I just did a google search to see how much I’ve blogged about my gray hair in the past. Turns out, I’ve done it quite a bit! (One post reminded me that once, while I was growing out my gray, a coworker said when I asked what she thought about it, “Oh, I thought you were just being lazy. You’re not kidding? You’re doing that on purpose?“)
People. We have to talk.
Right now there is no gray except the inch of white I’m rocking out of laziness, because even though I grew out my gray five years ago, I only kept it up for about a year. Some days I felt amazing! A young person, flying her white! Some days I felt awful. I looked older. I felt older.
I broke one day and dyed the underneath bits red, and I loved that phase. That was fun.
(This is how much white I am — all the color you see is from a bottle, the white is real. I’ve been gray since I was about thirty.)
But the upkeep was hard, dyeing the underneath but keeping the white out of the dye and the white strip got smaller and smaller as I screwed it up. And one day I broke again because the white made my hair look SO thin. You could see my scalp, and it freaked me out. I dyed it all over and since then, I’ve been a bottle gal.
I’m tired of it. I’m seeing my hair stylist tomorrow and I think I’ll get a new cut and go lilac and let it grow out naturally and see what happens.
But I’m worried because of this: my hair has thinned SO MUCH MORE since surgical menopause at 39 (I’m life-threateningly allergic to synthetic and plant-based estrogens, so no HRT for me). Four years ago, when that photo was taken at 39, I had thin hair. Now it’s even thinner. I’m worried it will look terrible. I’m worried I’m making the wrong choice.
So why not just keep dyeing my hair? I do it at home, it costs $6/month, and it takes half an hour, total. What’s the big deal?
I don’t know, really.
It feels like it’s about authenticity, although I judge no one for dyeing their hair, not even myself.
I just want to look like me. Like myself. Honestly.
I don’t want to look older, but I am older. I’m 43 now, and guess what? Every day I stay on this side of the grass, I’m getting older. So are you. Snaps for that! Good on you, you getting-older-you!
Why on earth am I still trying to fit in with American beauty ideals? Why on earth do I still want (on a lizard-brain level) to compete with twenty-one year old starlets in bikinis? Let me be clear: I don’t want to compete with them for attention. I do not, actually, give one little tiny rat’s ass. In the front of my mind, I would be THRILLED to wear a shapeless caftan and Birkenstocks and let my hair grow wild and white for the rest of myself (but I keep my lipstick because mama needs red). Caftans rock for real.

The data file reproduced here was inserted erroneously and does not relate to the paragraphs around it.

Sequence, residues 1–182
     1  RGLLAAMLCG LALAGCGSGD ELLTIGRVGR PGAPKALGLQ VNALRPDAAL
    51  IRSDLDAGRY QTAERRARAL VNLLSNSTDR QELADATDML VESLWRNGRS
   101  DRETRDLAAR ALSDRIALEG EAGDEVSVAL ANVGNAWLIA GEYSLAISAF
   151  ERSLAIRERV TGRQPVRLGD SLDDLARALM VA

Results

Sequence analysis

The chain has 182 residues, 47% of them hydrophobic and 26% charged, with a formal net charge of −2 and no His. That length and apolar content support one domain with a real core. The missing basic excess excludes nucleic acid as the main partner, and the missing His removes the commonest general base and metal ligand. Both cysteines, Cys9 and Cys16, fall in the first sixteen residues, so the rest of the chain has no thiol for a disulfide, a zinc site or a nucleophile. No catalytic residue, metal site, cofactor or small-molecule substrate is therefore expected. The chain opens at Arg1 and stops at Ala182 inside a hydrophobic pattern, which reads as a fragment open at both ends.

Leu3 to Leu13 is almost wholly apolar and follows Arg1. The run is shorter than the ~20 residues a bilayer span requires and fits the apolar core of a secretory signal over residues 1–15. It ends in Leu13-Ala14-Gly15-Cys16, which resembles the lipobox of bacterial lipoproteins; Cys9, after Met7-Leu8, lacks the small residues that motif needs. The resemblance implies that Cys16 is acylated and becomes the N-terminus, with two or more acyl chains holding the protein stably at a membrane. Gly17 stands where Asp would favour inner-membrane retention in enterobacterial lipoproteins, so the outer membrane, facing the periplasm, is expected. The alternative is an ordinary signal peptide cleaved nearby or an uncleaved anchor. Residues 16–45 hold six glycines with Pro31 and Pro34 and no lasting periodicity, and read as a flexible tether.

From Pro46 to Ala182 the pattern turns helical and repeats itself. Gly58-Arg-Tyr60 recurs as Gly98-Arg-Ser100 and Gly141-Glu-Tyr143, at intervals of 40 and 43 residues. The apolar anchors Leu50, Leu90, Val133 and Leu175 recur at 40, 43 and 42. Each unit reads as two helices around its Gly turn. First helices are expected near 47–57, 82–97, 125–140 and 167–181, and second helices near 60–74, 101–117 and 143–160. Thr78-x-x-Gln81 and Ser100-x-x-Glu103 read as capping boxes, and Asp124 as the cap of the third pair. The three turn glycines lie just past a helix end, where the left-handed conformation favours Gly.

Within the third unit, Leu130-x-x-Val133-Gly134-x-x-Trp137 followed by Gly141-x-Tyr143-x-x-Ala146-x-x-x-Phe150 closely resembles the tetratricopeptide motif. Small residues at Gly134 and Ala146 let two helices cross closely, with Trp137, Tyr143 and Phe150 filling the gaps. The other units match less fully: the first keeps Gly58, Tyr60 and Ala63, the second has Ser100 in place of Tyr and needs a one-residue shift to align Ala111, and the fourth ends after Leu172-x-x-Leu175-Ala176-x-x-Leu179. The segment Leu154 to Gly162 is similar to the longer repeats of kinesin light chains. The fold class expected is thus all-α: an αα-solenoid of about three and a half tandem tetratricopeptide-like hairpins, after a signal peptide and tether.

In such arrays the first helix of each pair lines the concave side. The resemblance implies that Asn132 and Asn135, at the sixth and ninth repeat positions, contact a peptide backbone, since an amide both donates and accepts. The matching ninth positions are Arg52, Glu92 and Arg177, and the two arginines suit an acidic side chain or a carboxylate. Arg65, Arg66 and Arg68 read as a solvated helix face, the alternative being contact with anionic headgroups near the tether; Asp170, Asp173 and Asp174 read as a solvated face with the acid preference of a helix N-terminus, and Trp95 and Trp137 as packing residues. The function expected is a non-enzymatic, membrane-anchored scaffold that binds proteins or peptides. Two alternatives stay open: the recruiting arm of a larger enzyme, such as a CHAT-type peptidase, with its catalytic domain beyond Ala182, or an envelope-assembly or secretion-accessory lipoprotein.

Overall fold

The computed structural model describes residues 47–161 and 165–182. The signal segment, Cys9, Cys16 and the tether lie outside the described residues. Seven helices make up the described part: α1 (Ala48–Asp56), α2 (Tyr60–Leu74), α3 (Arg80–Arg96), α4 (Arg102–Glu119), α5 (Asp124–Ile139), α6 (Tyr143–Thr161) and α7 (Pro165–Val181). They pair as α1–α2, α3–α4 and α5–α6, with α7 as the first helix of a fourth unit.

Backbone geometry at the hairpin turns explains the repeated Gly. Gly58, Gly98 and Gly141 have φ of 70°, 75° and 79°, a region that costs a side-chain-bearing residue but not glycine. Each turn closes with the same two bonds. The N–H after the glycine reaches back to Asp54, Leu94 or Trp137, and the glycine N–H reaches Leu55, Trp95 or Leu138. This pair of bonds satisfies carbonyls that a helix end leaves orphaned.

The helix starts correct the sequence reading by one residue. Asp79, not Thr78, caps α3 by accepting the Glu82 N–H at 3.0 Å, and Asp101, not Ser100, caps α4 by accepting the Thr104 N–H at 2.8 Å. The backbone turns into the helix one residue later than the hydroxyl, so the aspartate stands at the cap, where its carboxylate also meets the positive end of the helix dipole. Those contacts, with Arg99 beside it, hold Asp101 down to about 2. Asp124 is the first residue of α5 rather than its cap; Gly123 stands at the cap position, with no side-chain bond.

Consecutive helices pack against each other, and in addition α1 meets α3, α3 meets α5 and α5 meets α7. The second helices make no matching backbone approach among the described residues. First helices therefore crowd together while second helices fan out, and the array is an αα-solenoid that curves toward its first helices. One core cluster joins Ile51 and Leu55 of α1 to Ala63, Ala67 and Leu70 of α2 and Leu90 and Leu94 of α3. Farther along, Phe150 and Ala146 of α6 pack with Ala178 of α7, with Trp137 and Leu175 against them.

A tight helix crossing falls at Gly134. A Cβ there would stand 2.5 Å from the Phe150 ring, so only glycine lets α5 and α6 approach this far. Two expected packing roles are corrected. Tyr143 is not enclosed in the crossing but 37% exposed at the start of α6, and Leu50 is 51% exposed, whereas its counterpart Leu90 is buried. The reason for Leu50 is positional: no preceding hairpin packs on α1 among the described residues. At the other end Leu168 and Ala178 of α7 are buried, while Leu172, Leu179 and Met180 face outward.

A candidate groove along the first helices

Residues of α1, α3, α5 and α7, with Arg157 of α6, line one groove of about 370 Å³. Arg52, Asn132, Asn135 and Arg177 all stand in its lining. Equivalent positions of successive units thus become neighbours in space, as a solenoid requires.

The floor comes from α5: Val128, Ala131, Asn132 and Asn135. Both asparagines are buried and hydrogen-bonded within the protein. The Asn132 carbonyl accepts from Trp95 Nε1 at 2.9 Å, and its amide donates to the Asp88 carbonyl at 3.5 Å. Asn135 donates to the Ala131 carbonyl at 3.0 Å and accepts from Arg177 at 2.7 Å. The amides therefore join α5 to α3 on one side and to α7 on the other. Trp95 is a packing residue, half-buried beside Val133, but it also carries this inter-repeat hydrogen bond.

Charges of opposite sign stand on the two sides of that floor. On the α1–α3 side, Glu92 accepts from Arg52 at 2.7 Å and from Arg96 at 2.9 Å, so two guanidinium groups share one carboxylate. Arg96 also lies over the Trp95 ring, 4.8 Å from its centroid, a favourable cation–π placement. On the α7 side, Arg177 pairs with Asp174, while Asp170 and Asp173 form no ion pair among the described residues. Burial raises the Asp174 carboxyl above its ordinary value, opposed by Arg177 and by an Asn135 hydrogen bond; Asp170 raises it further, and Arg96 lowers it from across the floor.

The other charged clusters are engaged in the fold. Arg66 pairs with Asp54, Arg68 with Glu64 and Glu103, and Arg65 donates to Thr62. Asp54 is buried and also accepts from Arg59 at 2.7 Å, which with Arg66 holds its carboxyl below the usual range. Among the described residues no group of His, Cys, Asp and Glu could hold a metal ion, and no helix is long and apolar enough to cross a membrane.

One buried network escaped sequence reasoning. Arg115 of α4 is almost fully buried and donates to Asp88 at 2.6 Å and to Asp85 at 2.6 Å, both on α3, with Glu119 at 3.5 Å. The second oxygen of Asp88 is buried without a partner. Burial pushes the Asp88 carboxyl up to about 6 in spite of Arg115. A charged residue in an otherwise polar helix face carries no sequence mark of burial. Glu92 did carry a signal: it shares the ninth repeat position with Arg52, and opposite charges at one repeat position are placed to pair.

But in the back of my brain, when I see fit women–younger women with no belly, older women with thin necks, women my age with natural(looking) chestnut hair–I despair in my lizard-brain that no caveman will pick me to protect when the apocalypse comes.
It’s so dumb. And it’s made worse in the time of Photoshop and Instagram fake-perfection. I’m guilty of it. I post pictures in which my best side is caught, in which my belly is in-sucked and my neck out-turtled.
I love myself. Honestly, I do. I feel sexy and smart and fun most of the time, which is awesome. But I want to love my body for real, too, and I want the mirror to be my actual friend, not some Judgy McJudgerson of Judging Pants.
I don’t want to wince when I see crow’s feet. They’re marks that signal my face made it here and laughed a lot along the way. I don’t want to wish I were thinner. This body of mine is stunningly strong and ridiculously stubborn. I don’t want to hate my thin, gray hair. It proves that just as I’m early to gray, I’m early to the wisdom conferred by it.
Here. Me this very second.
My wonky lazy eye is listing inward, and I have no makeup on except tired lipstick from this morning, and I’m shiny and I could go on.
But I won’t. I’m gonna love THAT lady. That one. The one resting her laptop on top of her strong, not-thin thighs. Just as she is.
It’s a work in progress. I’m reading Going Gray: What I Learned about Beauty, Sex, Work, Motherhood, Authenticity, and Everything Else That Really Matters, by Anne Kreamer (and I’m loving it, btw — she evens split-tests her attractiveness with her real gray hair and photoshopped-brown hair on Match.com, to her husband’s immense amusement. And interestingly, she got twice as many winks nationally with gray hair than she did with brown. She was so startled by this she repeated the test in other parts of the country, and found the same result.)
Kreamer says, “Letting my hair become its natural color would be an unmuddling of the age issue, a definitive announcement to the world that I’m no longer young.”
That’s it. Having white hair will say to anyone who cares: Rachael is not young. The truth is: No one cares about that except me.
Yeah. I’m not young. But I’m pretty fabulous.
I’ll keep you posted on the experiment.
If you’re moved to it, tell me how you feel about your body as it ages?